Reports of aggressive killer whales

Orcas

Orcas have reportedly attacked sailboats recently off Spain and Portugal.

Orcas have battered sailboats off Spain and Portugal and the behavior of these large marine mammals has baffled experts. Sailors along Spain and Portugal’s Atlantic coastlines have seen a recent series of puzzling incidents involving apparently aggressive orcas.

While orcas are not known to attack humans, they can cause damage to boats. In a series of incidents along the Spanish and Portuguese coasts between Gibraltar and Galicia, groups of orcas have been recorded swimming near sailboats and other vessels, and in some cases acting together in such a way as the people on those boats thought themselves to be in grave danger.

The Spanish maritime search-and-rescue agency, Salvamento Maritimo, reported multiple sailing yachts have been damaged by encounters with orcas.

According to The New York Times, the Spanish Ministry of Ecology recorded 13 orca encounters since mid-August off the coast of Galicia alone.

Several sailing vessels, including Urki 1, Amadeus, and the Spanish Navy’s racing boat Mirfak, had to be towed into port by Salvamento Maritimo rescue vessels because of significant damage to their steering gear. On July 29, a vessel off Cape Trafalgar reported that it was surrounded by nine orcas that rammed the hull for more than an hour, turning the boat around, damaging the propulsion system and disabling the rudder. The boat radioed authorities to report it was “under attack” by killer whales. On September 11, a yacht being delivered from Spain to the U.K. was rammed more than a dozen times by orcas. It reportedly lost steering and had to be towed into port to make repairs.

A witness reported that the killer whales communicated with one another with loud high-pitched noises as they were battering the vessels.

In a report published by the Guardian newspaper, Victoria Morris, a biology graduate student and crewmember aboard one of the boats, said she thought the attack was coordinated. “The noise was really scary. They were ramming the keel, there was this horrible echo, I thought they could capsize the boat. And this deafening noise as they communicated, whistling to each other. It was so loud that we had to shout.”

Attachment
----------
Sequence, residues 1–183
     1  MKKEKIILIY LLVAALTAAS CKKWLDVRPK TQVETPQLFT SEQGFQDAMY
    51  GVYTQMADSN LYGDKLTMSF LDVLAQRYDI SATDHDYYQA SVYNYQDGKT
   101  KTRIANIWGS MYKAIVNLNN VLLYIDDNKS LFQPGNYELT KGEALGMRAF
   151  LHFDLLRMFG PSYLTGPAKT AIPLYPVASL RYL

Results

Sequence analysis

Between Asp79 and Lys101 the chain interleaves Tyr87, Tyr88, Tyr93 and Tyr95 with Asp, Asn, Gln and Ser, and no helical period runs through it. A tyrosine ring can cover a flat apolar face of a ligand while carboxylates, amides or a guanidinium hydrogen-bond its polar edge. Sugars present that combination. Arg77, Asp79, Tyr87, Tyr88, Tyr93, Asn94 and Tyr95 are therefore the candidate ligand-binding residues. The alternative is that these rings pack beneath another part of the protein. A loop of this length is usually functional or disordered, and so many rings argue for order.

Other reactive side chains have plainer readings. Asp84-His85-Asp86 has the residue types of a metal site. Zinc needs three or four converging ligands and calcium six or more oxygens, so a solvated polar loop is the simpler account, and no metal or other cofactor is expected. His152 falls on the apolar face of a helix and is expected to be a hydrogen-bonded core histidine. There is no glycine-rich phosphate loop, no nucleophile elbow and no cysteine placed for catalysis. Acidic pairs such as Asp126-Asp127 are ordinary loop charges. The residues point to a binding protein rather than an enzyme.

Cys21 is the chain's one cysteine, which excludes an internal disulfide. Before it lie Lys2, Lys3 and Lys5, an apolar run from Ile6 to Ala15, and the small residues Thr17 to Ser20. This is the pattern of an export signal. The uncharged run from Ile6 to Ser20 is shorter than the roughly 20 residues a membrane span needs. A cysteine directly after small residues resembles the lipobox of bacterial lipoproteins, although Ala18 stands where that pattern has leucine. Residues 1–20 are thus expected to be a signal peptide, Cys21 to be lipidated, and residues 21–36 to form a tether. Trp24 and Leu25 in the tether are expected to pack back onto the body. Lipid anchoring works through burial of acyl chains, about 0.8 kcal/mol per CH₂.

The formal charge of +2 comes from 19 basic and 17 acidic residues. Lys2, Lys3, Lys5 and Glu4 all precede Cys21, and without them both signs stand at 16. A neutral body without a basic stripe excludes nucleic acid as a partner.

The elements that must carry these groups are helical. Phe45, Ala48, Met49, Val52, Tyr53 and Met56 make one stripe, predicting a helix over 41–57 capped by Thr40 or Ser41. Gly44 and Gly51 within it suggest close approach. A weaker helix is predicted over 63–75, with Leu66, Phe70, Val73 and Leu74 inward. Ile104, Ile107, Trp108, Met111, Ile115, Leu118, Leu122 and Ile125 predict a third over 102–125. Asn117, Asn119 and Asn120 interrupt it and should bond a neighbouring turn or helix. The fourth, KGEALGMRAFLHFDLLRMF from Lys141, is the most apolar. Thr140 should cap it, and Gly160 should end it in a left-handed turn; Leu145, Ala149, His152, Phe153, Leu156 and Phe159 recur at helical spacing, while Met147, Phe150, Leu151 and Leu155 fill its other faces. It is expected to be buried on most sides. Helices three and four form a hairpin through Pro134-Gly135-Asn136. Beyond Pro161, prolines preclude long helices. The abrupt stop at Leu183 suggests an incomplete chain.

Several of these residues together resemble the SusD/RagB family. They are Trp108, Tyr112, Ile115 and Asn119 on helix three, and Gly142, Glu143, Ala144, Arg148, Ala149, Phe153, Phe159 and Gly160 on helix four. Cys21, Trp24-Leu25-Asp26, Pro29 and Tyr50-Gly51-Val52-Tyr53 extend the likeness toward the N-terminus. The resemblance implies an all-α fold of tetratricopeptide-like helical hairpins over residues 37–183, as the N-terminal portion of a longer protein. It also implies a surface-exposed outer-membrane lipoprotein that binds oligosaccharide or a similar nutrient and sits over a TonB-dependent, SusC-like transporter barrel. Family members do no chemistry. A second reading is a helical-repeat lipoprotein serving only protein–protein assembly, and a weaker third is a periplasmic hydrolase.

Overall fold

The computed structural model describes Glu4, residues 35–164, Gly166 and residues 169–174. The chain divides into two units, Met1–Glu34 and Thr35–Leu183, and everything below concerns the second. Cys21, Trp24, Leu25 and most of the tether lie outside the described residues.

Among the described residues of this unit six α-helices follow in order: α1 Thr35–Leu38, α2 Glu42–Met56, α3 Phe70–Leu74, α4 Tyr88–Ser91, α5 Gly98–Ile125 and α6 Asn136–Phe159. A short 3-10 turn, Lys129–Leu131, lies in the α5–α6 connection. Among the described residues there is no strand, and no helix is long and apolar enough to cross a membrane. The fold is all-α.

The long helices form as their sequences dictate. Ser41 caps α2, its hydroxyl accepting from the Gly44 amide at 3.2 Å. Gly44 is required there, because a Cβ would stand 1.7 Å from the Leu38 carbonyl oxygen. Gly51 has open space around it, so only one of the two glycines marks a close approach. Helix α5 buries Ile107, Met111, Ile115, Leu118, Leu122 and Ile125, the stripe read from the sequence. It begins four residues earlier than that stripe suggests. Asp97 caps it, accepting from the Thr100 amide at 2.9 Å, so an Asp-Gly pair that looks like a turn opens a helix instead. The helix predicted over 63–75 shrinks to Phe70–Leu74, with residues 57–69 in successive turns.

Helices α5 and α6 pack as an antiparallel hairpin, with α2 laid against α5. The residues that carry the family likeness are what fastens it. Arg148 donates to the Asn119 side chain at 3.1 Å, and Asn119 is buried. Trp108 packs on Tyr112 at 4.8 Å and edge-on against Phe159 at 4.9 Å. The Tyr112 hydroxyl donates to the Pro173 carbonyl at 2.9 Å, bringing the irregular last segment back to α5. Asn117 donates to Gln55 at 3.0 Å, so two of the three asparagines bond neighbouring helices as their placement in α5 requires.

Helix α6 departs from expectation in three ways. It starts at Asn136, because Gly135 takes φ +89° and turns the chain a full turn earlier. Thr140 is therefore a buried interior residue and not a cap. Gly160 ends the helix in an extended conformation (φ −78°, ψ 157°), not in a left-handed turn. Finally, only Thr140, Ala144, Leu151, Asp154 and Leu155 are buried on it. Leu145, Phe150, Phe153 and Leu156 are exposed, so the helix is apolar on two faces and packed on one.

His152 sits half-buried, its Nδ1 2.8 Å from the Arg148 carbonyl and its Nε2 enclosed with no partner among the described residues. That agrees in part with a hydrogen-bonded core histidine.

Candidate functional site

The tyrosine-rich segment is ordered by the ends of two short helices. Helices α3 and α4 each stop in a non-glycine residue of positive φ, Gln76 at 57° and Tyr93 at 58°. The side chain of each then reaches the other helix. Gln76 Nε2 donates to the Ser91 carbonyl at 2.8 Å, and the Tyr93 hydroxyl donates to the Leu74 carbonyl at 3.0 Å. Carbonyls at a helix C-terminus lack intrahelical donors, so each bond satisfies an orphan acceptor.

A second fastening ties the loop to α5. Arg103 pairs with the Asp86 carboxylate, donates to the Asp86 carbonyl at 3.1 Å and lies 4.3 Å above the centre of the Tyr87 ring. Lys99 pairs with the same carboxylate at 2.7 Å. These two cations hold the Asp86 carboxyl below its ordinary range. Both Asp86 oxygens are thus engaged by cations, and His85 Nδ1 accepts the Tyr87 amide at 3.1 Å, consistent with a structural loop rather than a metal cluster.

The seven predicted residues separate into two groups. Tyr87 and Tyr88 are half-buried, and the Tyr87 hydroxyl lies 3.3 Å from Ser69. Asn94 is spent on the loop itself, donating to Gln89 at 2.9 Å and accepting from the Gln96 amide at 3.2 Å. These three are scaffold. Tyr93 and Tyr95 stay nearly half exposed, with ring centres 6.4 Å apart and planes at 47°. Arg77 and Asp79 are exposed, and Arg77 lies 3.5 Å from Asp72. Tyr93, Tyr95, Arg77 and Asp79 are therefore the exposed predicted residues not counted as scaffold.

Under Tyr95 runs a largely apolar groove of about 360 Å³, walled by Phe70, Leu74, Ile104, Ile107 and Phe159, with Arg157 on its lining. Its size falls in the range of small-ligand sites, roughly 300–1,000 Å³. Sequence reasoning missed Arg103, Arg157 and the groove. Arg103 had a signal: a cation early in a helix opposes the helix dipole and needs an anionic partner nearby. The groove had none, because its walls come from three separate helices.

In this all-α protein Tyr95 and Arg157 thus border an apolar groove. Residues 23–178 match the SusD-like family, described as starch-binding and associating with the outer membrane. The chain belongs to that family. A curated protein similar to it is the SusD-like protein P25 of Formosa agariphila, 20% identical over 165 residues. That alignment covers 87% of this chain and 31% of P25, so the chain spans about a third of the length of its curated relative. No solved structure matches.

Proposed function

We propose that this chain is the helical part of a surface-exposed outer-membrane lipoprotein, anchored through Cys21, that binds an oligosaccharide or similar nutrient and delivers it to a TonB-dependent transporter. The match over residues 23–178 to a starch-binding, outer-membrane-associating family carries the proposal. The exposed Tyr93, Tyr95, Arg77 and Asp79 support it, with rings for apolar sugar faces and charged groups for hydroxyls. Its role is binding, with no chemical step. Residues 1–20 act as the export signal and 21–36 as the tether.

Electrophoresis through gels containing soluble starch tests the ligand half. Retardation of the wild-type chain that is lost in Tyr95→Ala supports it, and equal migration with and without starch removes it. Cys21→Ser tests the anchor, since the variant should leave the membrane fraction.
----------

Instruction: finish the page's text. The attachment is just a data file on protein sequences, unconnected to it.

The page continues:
Her four-person crew radioed the Coast Guard with a distress call about an “orca attack.” The authorities were astonished. “You’re saying you’re under attack from orcas?” the Coast Guard replied.

When they were towed into port, they saw their keel was covered in bite marks and two-thirds of the rudder was torn away.

Orcas are the largest members of the dolphin family and can grow to be 32 feet long and weigh six tons. Like dolphins, they are intelligent and social and can follow boats.

Over-fishing has affected the orcas’ food stocks, resulting in a decline in the population of orcas. Increased maritime traffic in the vicinity of the busy international sea lanes near the Strait of Gibraltar have also negatively impacted their habitat.

Marine biologists think this activity is confined to a single pod of killer whales because it is highly unlikely that such unusual behavior would occur simultaneously with different pods. Scientists don’t know if the orcas are angry, confused or just being “playful.” Their presence in these waters during the summer months is normal as they follow their favorite food, bluefin tuna. Humans can accidentally or intentionally harass marine mammals — it is illegal to purposefully harass them. However, experts say this apparently aggressive behavior by this group of orcas is extremely rare.

There are no known cases of humans being attacked and killed by orcas in the wild. But Spanish maritime authorities are not taking any chances. They have warned mariners to “keep a distance” from any orcas. n

Edward Lundquist is a freelance writer based in Virginia. 

Categories: Short Tacks